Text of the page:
Chordeiles nacunda nacunda
Campo de Jofre, Transpantanal Highway, Mato Grosso state, Brazil.
world's most beautiful nighthawk, found locally in savanna areas in
South America. They are especially easy to see in the Pantanal, where
they often fly around even in broad daylight. (S6)
Chordeiles rupestris rupestris
River island in the Rio Aguarico on the Ecuador(Sucumbíos)-Peru(Loreto) border.
of a flock of 40 or so birds roosting on driftwood. In Ecuador this
species is found only along major rivers in the Amazon basin, though
apparently elsewhere in its range it also inhabits marshes. (S8)
Chordeiles acutipennis aequatorialis
El Tambo, Santa Elena province, Ecuador.
Chordeiles acutipennis (ssp.?)
Vía Parque Isla de Salamanca, Magdalena department, Colombia.
This bird was roosting in a tree near the mangroves. (D6)
30 km south of Presidente Figuereido, Amazonas state, Brazil.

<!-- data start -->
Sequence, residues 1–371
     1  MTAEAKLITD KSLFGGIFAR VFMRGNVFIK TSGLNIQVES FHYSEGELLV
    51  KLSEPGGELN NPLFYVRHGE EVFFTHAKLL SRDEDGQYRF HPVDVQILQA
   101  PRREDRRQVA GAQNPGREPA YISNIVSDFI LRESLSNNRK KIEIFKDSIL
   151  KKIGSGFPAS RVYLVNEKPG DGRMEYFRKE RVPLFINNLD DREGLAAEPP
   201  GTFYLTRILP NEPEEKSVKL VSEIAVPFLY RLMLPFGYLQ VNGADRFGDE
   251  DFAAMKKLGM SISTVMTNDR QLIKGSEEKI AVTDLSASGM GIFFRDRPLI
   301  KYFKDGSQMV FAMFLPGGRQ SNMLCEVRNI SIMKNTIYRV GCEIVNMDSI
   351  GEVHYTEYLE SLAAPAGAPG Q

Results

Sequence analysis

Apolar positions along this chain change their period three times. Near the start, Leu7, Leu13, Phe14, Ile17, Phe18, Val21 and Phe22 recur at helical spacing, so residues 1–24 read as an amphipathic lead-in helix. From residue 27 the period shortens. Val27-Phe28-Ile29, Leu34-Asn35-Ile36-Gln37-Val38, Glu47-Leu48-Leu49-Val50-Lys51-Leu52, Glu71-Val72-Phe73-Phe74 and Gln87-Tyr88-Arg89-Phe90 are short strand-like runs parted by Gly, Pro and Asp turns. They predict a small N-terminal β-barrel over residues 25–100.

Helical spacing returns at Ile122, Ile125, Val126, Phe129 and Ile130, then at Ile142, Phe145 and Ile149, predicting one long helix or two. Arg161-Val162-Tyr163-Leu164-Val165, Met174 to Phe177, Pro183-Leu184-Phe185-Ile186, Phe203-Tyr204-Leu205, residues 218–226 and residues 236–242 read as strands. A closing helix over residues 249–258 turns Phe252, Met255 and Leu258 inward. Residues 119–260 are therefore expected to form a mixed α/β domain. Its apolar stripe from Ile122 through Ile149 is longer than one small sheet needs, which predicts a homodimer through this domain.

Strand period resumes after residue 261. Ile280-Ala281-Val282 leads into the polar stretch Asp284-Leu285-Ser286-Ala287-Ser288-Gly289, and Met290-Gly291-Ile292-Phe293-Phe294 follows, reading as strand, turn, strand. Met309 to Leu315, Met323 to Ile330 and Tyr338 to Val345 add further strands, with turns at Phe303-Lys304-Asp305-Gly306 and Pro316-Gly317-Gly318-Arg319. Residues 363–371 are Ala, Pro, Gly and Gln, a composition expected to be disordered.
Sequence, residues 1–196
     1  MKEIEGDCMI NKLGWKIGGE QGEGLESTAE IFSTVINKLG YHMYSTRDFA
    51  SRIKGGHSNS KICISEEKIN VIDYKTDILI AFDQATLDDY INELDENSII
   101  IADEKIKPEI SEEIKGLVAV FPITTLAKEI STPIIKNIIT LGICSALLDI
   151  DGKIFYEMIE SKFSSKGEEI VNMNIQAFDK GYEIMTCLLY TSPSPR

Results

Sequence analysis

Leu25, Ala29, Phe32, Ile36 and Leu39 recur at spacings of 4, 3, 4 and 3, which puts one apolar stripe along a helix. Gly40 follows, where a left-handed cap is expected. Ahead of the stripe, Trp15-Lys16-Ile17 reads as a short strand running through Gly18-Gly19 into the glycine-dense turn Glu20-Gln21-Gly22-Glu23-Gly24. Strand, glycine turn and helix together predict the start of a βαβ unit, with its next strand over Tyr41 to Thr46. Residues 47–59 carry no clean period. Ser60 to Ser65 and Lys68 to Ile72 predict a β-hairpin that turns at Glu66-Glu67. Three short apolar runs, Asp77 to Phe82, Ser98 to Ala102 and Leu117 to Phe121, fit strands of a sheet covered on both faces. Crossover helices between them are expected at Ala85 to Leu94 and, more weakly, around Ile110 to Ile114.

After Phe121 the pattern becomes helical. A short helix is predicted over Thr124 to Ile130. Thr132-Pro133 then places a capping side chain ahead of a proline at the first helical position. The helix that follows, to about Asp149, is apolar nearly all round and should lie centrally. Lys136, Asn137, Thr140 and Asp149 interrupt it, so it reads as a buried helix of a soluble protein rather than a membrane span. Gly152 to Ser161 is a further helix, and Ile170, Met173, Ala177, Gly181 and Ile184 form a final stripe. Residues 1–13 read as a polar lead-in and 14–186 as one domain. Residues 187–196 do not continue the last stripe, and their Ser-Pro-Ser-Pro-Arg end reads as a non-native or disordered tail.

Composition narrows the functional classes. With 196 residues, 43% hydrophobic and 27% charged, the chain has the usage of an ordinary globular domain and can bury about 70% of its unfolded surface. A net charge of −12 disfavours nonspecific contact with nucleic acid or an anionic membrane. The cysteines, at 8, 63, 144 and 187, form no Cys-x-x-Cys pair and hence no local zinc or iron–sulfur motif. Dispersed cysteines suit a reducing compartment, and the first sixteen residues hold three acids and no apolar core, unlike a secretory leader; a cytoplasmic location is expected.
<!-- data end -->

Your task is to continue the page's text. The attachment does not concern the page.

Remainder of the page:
is not a well-marked bird, but I don't think there is any other
nightjar here that is so dark with cinnamon and buff markings. (D3)
Systellura longirostris ruficervix
Yanacocha, Pichincha province, Ecuador.
Male. I suspect it was on eggs, but I did not want to disturb the bird to find out. 11 August 2013. (S10)
Porto Jofre, Mato Grosso state, Brazil.
most widespread neotropical nightjar. (S8f)
Refugio Paz de las Aves, Pichincha
Male. This Andean species' tail feathers can reach up to 80 cm (32 in) in length. (S8)
Tandayapa Bird Lodge, Pichincha
A female incubating on a nest. The rufous
nuchal collar is a good feature to separate it from other sympatric
nightjars. I don't remember the exact date, but it was somewhere around July 2000. (S1)
Hydropsalis climacocerca (ssp?)
Cristalino Jungle Lodge, Mato Grosso state, Brazil.
Female. I'm uncertain to which subspecies this individual should be classified. (S8)
Hydropsalis torquata furcifer
Santa Teresa, Pantanal, Mato Grosso state, Brazil.
Savegre Valley, San José province, Costa Rica.
Endemic to the highlands of Costa Rica and western Panama. (S8)
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